The disposition is not upbeat, but the results could be positive. As a majority of the Beijing-bound marksmen touched down in the Capital past midnight on Wednesday following their final European sojourn before the Olympic Games, the mood was muted. But given that the country’s shooters have always stood up to big occasions, this could well be the dawn of a new era for Indian sport, and the country’s marksmen could be at the forefront of the change.
It all started at the 2002 Manchester Commonwealth Games, when Indian marksmen brought home a bagful of medals. Four years later, came the biggest boom when India swept a record tally at the 2006 Melbourne Commonwealth Games, with pistol shooter Samaresh Jung bagging five gold medals and being declared the best sportsperson of the Games. Later that year, India's evergreen golden boy, Jaspal Rana, held centrestage at the Doha Asian Games by clinching three gold.
But the Olympics are a different ballgame, requiring extra effort and sweat. The Indians took a silent but quick step towards ultimate glory with double-trap marksman Rajyavardhan Singh Rathore emerging as the face of a bold new breed of shooters when he won silver at the 2004 Athens Olympic Games.
Medals and more medals ensued and in 2006, India had two world champions — trap marksman Manavjit Singh Sandhu and 10m air rifle exponent Abhinav Bindra. The two put India on top of the world when they clinched gold at the quadrennial World Championships in Zagreb, Croatia. A bagful of World Cup and Asian Championship medals have come from the guns and pistols of Gagan Narang, Rathore, Manavjit, Zorawar Singh and Mansher Singh. The most outstanding feat of the year came recently when double-trap exponent Ronjan Sodhi equalled two world records on way to clinching the World Cup gold at Belgrade. It's a pity he could not get an Olympic or hardship quota. He might not be boarding the flight to Beijing, but the 28-year-old is a huge medal prospect for the future.
A record number of nine Indian marksmen will be there in Beijing, rubbing shoulders with the best, but despite the none-too-impressive form of quite a few of them in the run-up to the Games, one shouldn't discount the fact that they have put in hours of practice in countries where the sun scalds and the cold numbs the bones. Above all, they have missed the comfort of their homes for months at a stretch.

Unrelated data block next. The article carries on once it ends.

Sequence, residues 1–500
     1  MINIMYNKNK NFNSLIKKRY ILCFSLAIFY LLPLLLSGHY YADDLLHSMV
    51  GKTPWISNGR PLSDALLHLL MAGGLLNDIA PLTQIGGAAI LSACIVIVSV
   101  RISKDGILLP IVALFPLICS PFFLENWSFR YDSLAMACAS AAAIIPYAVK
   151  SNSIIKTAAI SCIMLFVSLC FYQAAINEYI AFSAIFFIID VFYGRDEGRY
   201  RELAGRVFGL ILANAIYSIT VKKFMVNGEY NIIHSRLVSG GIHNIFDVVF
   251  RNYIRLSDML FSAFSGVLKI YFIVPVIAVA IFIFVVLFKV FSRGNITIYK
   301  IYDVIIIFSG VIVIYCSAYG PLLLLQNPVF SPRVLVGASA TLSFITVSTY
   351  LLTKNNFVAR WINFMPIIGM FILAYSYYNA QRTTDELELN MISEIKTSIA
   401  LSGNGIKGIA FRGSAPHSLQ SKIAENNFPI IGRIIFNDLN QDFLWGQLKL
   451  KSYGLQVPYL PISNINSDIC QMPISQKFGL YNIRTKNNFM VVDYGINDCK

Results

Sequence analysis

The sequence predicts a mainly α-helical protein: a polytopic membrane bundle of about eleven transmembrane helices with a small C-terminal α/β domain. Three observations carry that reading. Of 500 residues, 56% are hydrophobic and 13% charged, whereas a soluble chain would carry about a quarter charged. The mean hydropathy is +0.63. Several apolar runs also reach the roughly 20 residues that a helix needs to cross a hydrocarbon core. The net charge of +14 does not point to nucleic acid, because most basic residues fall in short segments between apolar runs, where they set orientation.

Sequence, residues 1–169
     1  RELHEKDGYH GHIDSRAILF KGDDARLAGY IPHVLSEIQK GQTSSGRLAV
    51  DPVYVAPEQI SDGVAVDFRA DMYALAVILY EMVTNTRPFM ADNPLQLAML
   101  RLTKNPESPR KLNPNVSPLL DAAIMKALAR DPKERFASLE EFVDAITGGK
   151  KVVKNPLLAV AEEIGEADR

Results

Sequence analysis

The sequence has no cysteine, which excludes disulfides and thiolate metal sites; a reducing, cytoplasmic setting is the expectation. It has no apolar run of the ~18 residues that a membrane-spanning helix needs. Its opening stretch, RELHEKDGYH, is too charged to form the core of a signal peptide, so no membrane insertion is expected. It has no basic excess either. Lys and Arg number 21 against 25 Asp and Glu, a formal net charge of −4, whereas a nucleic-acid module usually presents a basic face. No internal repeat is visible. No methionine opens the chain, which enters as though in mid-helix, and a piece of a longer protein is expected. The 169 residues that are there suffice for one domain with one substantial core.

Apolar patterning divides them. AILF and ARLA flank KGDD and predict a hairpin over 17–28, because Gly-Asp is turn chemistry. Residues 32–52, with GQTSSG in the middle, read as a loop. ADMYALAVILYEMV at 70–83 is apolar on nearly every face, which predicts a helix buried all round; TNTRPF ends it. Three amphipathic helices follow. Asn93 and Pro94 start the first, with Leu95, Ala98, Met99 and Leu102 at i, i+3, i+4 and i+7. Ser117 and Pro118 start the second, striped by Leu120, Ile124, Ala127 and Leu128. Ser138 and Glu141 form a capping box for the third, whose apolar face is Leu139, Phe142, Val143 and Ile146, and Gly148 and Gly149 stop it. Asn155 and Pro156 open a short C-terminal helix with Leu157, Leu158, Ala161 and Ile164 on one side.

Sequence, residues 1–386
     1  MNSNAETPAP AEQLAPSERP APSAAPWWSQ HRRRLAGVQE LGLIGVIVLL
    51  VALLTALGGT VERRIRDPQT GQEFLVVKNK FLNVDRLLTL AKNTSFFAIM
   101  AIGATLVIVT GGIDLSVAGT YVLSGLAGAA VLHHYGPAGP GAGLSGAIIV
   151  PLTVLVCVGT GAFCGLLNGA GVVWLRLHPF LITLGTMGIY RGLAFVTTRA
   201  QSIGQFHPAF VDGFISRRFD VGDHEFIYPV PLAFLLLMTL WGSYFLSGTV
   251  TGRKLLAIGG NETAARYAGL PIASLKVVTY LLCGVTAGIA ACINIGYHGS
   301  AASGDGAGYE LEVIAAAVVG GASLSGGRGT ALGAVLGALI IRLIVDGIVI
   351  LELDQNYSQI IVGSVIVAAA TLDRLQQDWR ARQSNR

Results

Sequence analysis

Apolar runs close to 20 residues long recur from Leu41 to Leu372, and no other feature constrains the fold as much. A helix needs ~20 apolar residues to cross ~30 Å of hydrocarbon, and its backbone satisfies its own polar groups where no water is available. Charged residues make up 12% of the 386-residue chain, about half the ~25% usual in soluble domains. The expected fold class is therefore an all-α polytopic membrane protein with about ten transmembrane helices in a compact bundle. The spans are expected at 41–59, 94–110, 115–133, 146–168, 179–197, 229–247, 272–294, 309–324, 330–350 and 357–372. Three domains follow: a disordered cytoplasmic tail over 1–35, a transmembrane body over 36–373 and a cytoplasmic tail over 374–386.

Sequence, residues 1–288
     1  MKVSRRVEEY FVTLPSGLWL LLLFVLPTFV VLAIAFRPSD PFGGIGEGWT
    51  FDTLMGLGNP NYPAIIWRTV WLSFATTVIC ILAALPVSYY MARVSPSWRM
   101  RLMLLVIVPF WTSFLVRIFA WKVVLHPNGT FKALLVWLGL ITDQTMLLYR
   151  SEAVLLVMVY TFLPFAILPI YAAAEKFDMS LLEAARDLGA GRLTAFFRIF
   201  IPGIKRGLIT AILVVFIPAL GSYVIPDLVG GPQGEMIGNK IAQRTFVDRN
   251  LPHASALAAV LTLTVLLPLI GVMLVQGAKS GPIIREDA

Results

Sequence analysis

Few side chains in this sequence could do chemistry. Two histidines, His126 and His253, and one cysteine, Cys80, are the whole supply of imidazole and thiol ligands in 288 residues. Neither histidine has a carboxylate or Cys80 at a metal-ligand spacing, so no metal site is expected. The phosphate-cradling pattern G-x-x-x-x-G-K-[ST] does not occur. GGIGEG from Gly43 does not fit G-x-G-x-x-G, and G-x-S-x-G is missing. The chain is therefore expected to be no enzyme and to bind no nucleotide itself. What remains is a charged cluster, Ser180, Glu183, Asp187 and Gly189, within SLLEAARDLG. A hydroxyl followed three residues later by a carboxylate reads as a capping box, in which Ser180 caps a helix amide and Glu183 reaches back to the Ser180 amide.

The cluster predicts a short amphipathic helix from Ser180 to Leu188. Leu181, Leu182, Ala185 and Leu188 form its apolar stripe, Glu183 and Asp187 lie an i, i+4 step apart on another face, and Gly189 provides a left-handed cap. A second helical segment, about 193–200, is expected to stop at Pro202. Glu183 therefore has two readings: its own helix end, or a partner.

The sun, hopefully, would shine brighter on them in Beijing.
Know your champions
RVS Rathore (Double-trap): The man doesn’t need introduction. The 38-year-old won India’s first individual silver medal at Athens in 2004. A Lt. Colonel in the Army and recipient of the prestigious Rajiv Gandhi Khel Ratna and Arjuna Award, the champion is going through a lean patch, partly because of a change in stance and his coaching under American expert Joshua Lakatos. But ‘Chilly’ knows just too well when and where to fire.
Gagan Narang (10m air rifle, 50m prone & 50m 3-pos): HE WAS the first marksman to bag an Olympic quota for the country when he won gold at the World Cup in Guangzhou (China) immediately after the 2006 Melbourne Commonwealth Games. Bored of competing in just the 10m air rifle, he diversified into 50m rifle prone & 50m rifle 3-position. His recent showing in France, where he shot even higher than the world record, puts him in the category of favourites to win gold.
Abhinav Bindra (10m air rifle): THIS WILL be the third successive Olympics for the Punjab shooter. Bindra is one of the big names to have contributed to the popularity of the sport in the country. Of late, there has been talk of the Chandigarh-based rifle ace having outlived his utility following the back injury that forced him out for more than a year after the World Championships in Zagreb (Croatia) in 2006 where he also earned the Olympic quota. After missing the 2006 Doha Asian Games, the bespectacled champion is back.
Manavjit Singh Sandhu (Trap): The marksman from Punjab has got everything in his kitty — a World Championship title, Commonwealth and Asian Games medals, Arjuna Award and Rajiv Gandhi Khel Ratna. The only thing missing is an Olympic medal.
Mansher Singh (Trap): The veteran will be competing in his fourth Olympics (1984, 1996, 2004 and 2008) and is positive his past experience will hold in good stead.
Avneet Kaur Sidhu (10m air rifle, 50m prone): THE GIRL from Badal village in Punjab shot into the limelight by shooting a perfect 400 during the trials for the 2006 Commonwealth Games. She lived up to expectations in Melbourne by winning an individual silver (398) and team gold. The same year, she got the Olympic berth by finishing eighth (397) in the World Championship at Zagreb. But she hasn’t had a good run since then.
Sanjeev Rajput (50m rifle 3-pos): THIS IS Rajput’s maiden Olympics. The Navy marksman, who won bronze at the Melbourne Games and Doha Asian Games, got his quota at last year’s World Cup in USA. But this year, his best showing has been a score of 1161.
Samaresh Jung (10m air pistol): THE HERO of the Melbourne Games will be competing for the first time in the Olympics. He missed the quota for Athens narrowly but clinched the Beijing berth with a score of 682.1 at the 2007 Munich World Cup.
Anjali Vedpathak (50m prone, 10m air rifle): She is the one who has made shooting popular among women in the country. Even, Avneet idolises her. The Rajiv Gandhi Khel Ratan recipient will be competing in her third consecutive Olympics.